Less than a week after resigning "by mutual agreement" from her post as Interim CEO of the popular Internet forum network Reddit, Ellen Pao has penned a thoughtful opinion article in the Washington Post.
Optimism shines through the writing, which highlights harassment faced by Pao alongside support she's received. Eventually, Pao's hope is that "the humans" can win over "the trolls" — even with screens in between all of us. Though, in Pao's words, she has "just endured one of the largest trolling attacks in history," she has also "been blessed with the most astonishing human responses to that attack."
The Internet started as a bastion for free expression. It encouraged broad engagement and a diversity of ideas. Over time, however, that openness has enabled the harassment of people for their views, experiences, appearances or demographic backgrounds. Balancing free expression with privacy and the protection of participants has always been a challenge for open-content platforms on the Internet. But that balancing act is getting harder. The trolls are winning.
The numbers, which Pao invokes, are a staggering piece of evidence in themselves.
Fully 40 percent of online users have experienced bullying, harassment and intimidation, according to Pew Research. Some 70 percent of users between age 18 and 24 say they’ve been the target of harassers. Not surprisingly, women and minorities have it worst. We were naive in our initial expectations for the Internet, an early Internet pioneer told me recently. We focused on the huge opportunity for positive interaction and information sharing. We did not understand how people could use it to harm others.
Pao is also quick to point out the ways that bullying operates to elevate bullies, with their behavior rewarded by bystanders. Pao and Reddit are no strangers to this politics of harassment, and she implicates herself and the site in her writing.
Reddit is the Internet, and it exhibits all the good, the bad and the ugly of the Internet. It has been fighting this harassment in the trenches. In February, we committed to removing revenge porn from our site, and others followed our lead. In May, the company banned harassment of individuals from the site. Last month, we took down sections of the site that drew repeat harassers. Then, after making these policy changes to prevent and ban harassment, I, along with several colleagues, was targeted with harassing messages, attempts to post my private information online and death threats. These were attempts to demean, shame and scare us into silence.
Particularly difficult, Pao explains, is keeping sites free of harassment when they become large. As she writes, "No one has figured out the best place to draw the line between bad and ugly — or whether that line can support a viable business model."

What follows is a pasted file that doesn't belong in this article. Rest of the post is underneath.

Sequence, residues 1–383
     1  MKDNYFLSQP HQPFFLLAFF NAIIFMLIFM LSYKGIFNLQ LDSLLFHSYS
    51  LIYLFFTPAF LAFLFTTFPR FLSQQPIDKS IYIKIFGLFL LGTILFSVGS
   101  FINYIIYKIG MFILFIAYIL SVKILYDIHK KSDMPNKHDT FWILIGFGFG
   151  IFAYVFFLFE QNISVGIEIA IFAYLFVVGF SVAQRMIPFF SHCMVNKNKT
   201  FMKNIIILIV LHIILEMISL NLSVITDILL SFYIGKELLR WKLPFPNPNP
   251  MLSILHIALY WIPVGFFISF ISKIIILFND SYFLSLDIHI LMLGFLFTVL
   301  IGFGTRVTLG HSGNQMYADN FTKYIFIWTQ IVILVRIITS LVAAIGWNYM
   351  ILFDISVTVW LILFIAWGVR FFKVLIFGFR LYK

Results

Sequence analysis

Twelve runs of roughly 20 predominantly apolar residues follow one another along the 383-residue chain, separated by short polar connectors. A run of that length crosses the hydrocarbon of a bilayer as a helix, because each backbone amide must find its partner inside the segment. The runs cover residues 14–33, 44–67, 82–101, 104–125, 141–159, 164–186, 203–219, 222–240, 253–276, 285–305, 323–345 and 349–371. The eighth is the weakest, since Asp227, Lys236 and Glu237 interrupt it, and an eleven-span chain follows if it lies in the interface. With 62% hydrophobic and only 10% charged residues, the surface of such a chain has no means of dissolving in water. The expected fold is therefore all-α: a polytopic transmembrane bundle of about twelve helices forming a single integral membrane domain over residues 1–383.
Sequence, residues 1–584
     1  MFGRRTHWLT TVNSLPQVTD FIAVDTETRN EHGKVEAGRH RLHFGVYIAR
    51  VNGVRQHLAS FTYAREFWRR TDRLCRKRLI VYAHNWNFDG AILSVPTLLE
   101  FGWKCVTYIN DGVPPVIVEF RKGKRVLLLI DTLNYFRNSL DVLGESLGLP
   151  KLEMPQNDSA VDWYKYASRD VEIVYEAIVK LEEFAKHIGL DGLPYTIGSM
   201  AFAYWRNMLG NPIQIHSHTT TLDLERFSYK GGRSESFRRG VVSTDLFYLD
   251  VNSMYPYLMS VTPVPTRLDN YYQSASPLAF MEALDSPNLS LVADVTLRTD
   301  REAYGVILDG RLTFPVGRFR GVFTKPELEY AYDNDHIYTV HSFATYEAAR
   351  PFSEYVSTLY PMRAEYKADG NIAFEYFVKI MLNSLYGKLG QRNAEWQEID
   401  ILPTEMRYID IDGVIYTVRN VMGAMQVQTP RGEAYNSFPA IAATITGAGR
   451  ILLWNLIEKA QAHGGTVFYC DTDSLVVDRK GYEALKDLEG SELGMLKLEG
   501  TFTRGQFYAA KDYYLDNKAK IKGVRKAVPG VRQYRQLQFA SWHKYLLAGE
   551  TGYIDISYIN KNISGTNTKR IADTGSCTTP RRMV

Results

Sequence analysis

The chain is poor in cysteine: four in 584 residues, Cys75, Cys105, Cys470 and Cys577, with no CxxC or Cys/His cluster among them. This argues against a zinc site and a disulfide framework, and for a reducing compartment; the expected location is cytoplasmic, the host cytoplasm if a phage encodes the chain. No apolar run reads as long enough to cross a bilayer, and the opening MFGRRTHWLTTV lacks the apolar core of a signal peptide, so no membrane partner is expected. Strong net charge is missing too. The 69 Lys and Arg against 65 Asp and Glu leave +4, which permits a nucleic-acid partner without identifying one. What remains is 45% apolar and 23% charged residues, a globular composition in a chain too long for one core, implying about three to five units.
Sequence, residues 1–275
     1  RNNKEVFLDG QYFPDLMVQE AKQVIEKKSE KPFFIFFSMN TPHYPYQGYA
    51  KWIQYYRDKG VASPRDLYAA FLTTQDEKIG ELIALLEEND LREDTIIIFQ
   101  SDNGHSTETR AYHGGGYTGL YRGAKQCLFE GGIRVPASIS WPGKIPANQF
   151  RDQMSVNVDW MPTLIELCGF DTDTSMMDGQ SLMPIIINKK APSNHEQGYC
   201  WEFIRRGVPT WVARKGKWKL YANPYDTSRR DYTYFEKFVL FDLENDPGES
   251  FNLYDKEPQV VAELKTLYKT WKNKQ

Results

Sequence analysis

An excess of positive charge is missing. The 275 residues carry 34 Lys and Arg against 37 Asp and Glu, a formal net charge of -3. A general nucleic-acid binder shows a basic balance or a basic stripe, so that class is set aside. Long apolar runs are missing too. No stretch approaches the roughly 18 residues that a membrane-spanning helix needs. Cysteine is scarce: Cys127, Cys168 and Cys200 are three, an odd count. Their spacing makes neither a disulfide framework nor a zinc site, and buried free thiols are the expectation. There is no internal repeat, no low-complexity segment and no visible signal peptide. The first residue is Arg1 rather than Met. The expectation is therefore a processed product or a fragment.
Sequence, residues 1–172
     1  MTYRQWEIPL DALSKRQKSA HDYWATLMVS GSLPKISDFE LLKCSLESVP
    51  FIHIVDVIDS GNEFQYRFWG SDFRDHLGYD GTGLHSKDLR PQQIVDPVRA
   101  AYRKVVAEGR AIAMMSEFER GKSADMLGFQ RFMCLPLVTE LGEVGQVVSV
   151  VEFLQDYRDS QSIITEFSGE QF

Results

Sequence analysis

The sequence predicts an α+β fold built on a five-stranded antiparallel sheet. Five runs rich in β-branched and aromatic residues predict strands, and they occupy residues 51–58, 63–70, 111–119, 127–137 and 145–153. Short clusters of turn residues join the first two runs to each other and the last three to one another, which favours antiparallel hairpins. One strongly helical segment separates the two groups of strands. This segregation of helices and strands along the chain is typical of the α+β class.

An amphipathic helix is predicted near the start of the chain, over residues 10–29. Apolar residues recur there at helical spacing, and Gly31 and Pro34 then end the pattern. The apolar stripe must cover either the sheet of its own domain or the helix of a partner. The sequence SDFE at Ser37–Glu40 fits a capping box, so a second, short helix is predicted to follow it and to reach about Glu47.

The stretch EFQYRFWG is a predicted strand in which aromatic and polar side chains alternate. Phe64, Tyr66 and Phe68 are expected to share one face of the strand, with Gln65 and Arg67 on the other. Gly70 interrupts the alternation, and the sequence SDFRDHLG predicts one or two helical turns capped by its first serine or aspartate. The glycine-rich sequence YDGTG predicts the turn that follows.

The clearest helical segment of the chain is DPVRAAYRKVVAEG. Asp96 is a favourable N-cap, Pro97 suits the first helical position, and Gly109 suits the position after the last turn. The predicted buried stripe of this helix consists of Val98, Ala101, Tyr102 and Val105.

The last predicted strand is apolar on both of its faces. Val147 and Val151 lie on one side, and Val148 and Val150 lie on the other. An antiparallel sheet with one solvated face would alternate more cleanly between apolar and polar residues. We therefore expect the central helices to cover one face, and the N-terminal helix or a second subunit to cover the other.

What Pao also points to, though, is a countervailing force to trolling — basically what some might call intervention.
As the trolls on Reddit grew louder and more harassing in recent weeks, another group of users became more vocal. First a few sent positive messages. Then a few more. Soon, I was receiving hundreds of messages a day, and at one point thousands. These messages were thoughtful, well-written and heartfelt, in stark contrast to the trolling messages, which were usually made up of little more than four-letter words. Many shared their own stories of harassment and thanked us for our stance.
The writers of these messages often said they could not imagine the hate I was experiencing. Most apologized for the trolls’ behavior. And some apologized for standing on the sidelines. “I didn’t do anything, and that is why I am sorry,” one user wrote. “I stayed indifferent. I didn’t attack nor defend. I am sorry for my inaction. You are a human. And no one needs to be treated like you were.” Some apologized for their own trollish behavior and promised they had reformed.
In the battle for the Internet, the power of humanity to overcome hate gives me hope. I’m rooting for the humans over the trolls. I know we can win.
Although critics of Reddit have come to increasingly suspect that she was a sort of fall guy for the site as it makes big changes, Pao is beyond speculation and is clearly taking the high road. To that point, Gawker wondered whether she was "set up," especially as it becomes clear Pao had little or nothing to do with the unpopular firing of a Reddit employee. Further, the company continues to talk harassment under returning CEO Steve Huffman, who today posted a lengthy Ask Me Anything suggesting that the site will be banning “anything that harasses, bullies, or abuses an individual or group of people” a path Pao herself seems to have championed at Reddit and certainly recommends in her writing.
Pao has, the Verge reports, spent time recently just hanging out on Reddit. Perhaps her voice on the site and her clarity of thought when it comes to harassment and support will, in its humanity, win the day.